April 14 2011
People say that copper wire was invented by Dutchmen fighting over a penny. I would be the last person to rub salt in the wound, but maybe Belgians bring the morning paper with them on the drive to work so that they can tear around the corners. At least, I recently saw a Flemish driver ripping up a newspaper the day Belgium broke Iraq’s world record for the longest period without a government. Maybe that’s the cure for Europe fatigue: the potholes in Belgian roads…
My mother was hardest hit, mentally speaking, by Grandpa’s bankruptcies. In Westmalle they used to call him “the plague of the purse”, and even the local priest wouldn’t lend him a penny.
In Sint-Katelijne-Waver, the magistrate hissed, “Your story’s almost good enough to convince your own mother,” and that tough old geezer walked out of the worn courtroom, nose in the air, with yet another bankruptcy to his name.
The caretaker at Antwerp’s grand Palace of Justice on Frankrijklei named the bottom-most step of the large stone staircase after my grandfather, in honour of his especially dramatic fall one wintry day back in 1952. He called it: “Jacob Den Drucker’s legal misstep”.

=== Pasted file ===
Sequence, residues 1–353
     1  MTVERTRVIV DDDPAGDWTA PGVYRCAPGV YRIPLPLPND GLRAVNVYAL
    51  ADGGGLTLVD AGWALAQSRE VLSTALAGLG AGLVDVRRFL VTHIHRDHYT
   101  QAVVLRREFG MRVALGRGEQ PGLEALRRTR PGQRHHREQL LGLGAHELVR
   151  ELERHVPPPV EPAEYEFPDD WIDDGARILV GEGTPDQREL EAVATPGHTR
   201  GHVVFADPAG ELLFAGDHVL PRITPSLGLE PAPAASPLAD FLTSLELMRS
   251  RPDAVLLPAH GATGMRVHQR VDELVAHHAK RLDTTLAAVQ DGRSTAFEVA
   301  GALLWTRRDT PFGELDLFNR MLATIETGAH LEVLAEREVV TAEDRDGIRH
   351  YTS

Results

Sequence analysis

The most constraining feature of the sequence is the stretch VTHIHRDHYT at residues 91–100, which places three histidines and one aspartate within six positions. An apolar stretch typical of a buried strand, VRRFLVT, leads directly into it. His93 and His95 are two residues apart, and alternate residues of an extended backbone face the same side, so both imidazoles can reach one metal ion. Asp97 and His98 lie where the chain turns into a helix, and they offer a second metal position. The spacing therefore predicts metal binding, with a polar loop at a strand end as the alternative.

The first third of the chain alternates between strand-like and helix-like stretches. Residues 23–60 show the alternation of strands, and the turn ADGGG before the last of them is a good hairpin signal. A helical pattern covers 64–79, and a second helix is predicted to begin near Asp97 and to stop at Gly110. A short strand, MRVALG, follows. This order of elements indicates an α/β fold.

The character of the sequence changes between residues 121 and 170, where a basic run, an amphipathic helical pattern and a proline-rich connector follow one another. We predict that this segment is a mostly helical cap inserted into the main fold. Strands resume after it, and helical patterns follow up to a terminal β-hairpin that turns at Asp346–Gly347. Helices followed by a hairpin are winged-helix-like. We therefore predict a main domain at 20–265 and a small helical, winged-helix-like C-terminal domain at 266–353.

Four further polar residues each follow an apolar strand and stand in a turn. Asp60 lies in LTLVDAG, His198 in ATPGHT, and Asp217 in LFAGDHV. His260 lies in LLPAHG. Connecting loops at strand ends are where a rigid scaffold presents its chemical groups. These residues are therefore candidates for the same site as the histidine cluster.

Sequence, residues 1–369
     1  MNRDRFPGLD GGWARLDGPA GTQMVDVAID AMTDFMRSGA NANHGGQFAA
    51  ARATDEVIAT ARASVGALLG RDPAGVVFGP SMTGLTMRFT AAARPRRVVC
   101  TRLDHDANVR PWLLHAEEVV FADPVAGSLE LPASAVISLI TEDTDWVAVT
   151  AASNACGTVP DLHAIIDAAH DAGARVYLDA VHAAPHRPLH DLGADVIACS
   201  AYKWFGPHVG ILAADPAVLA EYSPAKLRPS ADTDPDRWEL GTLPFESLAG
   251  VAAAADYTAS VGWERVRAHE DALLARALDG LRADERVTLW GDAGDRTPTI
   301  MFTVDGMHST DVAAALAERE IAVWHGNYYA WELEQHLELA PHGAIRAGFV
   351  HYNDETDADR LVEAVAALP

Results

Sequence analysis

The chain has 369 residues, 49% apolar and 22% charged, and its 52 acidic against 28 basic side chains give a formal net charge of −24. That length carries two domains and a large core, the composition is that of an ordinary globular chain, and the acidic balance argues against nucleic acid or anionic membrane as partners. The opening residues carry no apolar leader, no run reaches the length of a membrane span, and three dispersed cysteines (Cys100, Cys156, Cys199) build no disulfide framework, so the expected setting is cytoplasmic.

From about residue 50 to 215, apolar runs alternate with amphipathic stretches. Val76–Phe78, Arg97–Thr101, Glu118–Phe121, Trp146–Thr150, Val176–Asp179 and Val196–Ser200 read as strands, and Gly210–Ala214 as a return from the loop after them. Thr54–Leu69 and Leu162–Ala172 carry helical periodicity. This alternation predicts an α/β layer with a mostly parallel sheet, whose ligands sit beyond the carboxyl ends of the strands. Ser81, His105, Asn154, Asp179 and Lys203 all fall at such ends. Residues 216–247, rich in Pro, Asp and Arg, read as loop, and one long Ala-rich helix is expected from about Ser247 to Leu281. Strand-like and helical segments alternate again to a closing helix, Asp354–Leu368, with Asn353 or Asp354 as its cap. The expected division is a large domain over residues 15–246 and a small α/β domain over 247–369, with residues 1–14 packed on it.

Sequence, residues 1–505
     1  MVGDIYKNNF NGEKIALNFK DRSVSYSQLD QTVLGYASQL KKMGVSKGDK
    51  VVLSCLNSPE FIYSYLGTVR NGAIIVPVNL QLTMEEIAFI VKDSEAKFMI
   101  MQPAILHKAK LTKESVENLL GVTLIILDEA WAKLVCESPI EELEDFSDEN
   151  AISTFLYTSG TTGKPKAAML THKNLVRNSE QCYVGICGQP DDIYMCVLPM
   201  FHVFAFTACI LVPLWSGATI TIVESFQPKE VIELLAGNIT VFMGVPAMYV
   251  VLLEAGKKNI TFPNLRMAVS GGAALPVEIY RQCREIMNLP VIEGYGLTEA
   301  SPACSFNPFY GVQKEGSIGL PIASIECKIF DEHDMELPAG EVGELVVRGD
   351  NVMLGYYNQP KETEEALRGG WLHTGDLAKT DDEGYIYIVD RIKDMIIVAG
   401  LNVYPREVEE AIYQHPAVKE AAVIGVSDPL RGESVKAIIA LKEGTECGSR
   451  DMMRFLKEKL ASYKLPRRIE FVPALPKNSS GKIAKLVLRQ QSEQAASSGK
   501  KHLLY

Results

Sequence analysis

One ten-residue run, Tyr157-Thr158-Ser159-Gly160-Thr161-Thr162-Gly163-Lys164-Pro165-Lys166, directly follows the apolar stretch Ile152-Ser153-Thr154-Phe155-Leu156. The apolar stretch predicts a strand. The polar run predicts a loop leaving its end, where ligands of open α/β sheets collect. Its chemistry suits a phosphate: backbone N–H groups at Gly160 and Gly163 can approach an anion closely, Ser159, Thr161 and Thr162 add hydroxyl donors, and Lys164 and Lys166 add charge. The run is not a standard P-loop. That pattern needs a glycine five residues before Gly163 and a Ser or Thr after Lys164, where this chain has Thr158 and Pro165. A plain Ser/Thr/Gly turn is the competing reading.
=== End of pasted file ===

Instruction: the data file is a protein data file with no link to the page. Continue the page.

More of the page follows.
My mother is not really a baby boomer, since she was born during the war. Her mother, my grandmother, was a hard-working housewife with six children. In 1941, Den Drucker started up a little distillery to supply the German occupying forces with the so-called Smeets Jenever for which the city of Hasselt is famous – though Grandpa made it in Waterloo.
Few remaining jugs of the forbidden elixir have been preserved and recently, to celebrate my birthday, me and my mates Francis, Nico and Alain each swallowed a thimbleful of venom. It roused our spirits and heated the blood – just like being strangled to death. We felt as if hundreds of tiny worms in SS uniforms were crawling out of our ears.
“This Den Drukker plonk is the devil’s brew,” Nico cried, spitting and hurling his shot glass across the room.